RIP Hal Holbrook

It’s been a tough week in Hollywood, as we’ve lost several iconic stars over the last seven days. First Cloris Leachman passed on January 27th, then Cicely Tyson the next day, and then yesterday Saved By The Bell’s Dustin Diamond

We’ve now learned of another passing of a beloved actor, as Hal Holbrook’s personal assistant Joyce Cohen confirmed to the New York Times that the actor passed away at the age of 95 on January 23rd, 2021, at his home in Beverly Hills, California. He was buried alongside his wife Dixie Carter in McLemoresville, Tennessee. 

Born in Cleveland, Ohio in 1925, the veteran of the stage and screen first saw his star launch with acclaim for his iconic one-man stage show titled Mark Twain Tonight!. Premiering in 1954, Holbrook would continue to perform as the legendary author for over 60 years, retiring the show in 2017 due to his declining health. He won a Tony Award for his stage portrayal of Twain in 1966. 

He received an Emmy nomination for his portrayal of Twain in 1967 and would go on to ultimately earn 10 Emmy nominations throughout his career. Four of those nods resulted in wins, including for his portrayal of Abraham Lincoln in the 1974 limited series Lincoln

Holbrook’s film career began in 1966 with the Sidney Lumet feature The Group, but he really became noticed on the big screen with his iconic portrayal of Deep Throat in 1976’s Watergate drama All the President’s Men, directed by Alan J. Pakula. His portrayal there said the standard for what we think of when we imagine covert whistleblowers exposing secrets.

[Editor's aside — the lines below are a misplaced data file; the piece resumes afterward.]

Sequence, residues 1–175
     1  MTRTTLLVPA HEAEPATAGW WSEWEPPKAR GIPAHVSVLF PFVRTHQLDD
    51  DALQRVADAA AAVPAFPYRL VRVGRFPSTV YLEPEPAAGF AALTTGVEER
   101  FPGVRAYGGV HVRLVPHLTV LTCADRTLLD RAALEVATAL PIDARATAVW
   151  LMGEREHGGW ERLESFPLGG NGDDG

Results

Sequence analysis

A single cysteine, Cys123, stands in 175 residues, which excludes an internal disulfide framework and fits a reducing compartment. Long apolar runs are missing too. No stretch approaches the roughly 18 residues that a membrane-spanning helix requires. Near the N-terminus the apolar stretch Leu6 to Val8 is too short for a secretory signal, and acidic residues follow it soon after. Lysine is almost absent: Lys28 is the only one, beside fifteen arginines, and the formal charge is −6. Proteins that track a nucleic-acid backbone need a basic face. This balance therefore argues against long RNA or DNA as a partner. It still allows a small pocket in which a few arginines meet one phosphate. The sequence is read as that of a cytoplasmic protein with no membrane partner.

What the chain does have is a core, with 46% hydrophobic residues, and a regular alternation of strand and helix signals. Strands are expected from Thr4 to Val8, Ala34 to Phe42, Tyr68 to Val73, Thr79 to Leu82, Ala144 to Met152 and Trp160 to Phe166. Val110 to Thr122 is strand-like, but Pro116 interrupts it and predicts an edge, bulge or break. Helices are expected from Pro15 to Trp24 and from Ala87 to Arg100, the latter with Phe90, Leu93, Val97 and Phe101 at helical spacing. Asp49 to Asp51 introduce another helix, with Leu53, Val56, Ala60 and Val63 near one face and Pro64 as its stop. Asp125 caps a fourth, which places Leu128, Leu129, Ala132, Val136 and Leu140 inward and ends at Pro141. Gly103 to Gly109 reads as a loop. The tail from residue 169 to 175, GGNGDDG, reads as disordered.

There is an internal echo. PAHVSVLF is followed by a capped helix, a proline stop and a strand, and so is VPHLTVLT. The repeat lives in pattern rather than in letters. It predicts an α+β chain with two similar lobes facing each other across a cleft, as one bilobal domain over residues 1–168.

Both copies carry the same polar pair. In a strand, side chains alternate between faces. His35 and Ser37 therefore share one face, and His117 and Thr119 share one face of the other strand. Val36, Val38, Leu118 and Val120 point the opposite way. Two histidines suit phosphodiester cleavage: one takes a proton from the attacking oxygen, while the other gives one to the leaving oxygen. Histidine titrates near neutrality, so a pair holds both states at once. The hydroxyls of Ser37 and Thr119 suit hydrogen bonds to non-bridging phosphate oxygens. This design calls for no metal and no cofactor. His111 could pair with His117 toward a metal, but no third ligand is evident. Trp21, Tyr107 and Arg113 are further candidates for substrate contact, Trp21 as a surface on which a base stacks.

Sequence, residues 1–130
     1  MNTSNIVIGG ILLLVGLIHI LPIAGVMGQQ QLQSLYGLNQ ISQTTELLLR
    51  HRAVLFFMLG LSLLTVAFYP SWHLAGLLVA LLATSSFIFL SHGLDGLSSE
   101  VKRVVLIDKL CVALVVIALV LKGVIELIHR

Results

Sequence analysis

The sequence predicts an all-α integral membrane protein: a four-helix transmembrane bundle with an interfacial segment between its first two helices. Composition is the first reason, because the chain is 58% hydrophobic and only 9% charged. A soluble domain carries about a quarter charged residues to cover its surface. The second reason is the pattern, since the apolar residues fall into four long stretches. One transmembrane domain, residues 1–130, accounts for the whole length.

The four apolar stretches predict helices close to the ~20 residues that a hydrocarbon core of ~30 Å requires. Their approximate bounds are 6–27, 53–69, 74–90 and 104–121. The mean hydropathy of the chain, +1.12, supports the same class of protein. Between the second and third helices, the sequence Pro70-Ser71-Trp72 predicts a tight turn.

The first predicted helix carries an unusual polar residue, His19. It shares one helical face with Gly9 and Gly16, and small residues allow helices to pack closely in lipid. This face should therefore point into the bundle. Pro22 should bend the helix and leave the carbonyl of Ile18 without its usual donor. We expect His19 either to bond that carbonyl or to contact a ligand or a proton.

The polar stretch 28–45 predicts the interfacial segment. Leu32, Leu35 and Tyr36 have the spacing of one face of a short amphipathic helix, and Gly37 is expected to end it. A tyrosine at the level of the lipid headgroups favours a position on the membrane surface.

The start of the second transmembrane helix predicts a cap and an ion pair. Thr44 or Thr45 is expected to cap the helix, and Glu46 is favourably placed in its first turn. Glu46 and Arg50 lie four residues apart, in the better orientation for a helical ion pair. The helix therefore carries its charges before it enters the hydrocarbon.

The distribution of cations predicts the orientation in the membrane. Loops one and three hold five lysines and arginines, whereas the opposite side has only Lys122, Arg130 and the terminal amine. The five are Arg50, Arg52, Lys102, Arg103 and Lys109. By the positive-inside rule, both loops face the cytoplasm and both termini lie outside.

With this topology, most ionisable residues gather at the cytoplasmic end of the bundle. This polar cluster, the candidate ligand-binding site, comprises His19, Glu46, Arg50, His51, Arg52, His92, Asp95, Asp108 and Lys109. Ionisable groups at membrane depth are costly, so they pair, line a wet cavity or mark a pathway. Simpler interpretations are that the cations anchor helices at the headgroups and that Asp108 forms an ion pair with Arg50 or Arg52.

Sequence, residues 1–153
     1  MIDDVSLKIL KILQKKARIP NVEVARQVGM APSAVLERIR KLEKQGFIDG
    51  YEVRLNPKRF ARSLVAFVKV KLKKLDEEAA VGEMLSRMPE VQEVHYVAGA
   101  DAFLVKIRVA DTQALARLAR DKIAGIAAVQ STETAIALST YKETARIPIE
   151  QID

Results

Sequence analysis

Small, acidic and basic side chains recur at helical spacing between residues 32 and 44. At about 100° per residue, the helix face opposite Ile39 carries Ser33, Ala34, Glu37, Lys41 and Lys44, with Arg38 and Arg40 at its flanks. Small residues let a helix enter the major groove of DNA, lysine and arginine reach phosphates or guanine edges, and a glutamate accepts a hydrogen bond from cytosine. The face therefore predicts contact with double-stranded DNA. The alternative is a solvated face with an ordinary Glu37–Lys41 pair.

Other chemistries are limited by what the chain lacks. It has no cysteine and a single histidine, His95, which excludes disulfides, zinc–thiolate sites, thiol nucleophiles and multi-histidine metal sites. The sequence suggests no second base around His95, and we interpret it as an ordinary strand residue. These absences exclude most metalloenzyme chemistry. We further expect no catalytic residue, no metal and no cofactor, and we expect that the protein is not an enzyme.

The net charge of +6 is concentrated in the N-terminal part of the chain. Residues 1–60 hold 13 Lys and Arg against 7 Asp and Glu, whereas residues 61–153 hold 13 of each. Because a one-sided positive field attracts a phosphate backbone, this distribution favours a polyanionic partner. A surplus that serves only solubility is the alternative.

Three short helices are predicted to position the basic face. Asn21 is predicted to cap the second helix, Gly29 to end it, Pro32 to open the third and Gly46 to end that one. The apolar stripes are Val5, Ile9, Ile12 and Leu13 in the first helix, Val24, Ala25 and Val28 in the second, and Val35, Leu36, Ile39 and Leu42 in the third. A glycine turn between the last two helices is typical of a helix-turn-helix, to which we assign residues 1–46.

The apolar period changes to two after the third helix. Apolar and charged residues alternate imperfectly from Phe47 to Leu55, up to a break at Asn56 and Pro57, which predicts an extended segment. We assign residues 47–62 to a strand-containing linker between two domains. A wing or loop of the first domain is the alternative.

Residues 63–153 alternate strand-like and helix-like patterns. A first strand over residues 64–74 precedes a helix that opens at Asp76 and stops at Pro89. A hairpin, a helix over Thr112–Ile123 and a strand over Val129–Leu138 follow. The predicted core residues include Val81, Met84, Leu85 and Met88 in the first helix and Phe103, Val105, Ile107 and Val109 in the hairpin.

Despite starring in an abundance of beloved films including The Fog, Creepshow, Wall Street, and as a voice role in Disney’s animated Hercules, Holbrook didn’t receive his first Oscar nomination until 2017, for Best Supporting Actor in Into the Wild, from director Sean Penn. It would be Holbrook’s only Oscar nomination, at the time being the oldest nominee ever in the category at 82 years old. 

Holbrook was also outspoken politically. While he did receive a National Humanities Medal in 2003 from President George W. Bush for “charming audiences with the wit and wisdom of Mark Twain as Twain’s outlook never fails to give Holbrook a good show to put on”, the actor was a registered independent who leaned liberal, and he became highly critical of the Republican Party within the last decade. Multiple times he voiced his opinion that former President Donald Trump wasn’t fit for office, before and after he was elected. Holbrook spoke highly of Bernie Sanders, whom he considered the only politician who does not “say what they think might get them elected”. 

Holbrook is survived by his three children and two stepdaughters, as well as two grandchildren and two step-grandchildren. 


Notify of

Inline Feedbacks
View all comments



Written by Mitchell Beaupre

Golden Globe Predictions: The First Domino Falls Tomorrow

‘Promising Young Woman’ Leads the HCA Nominations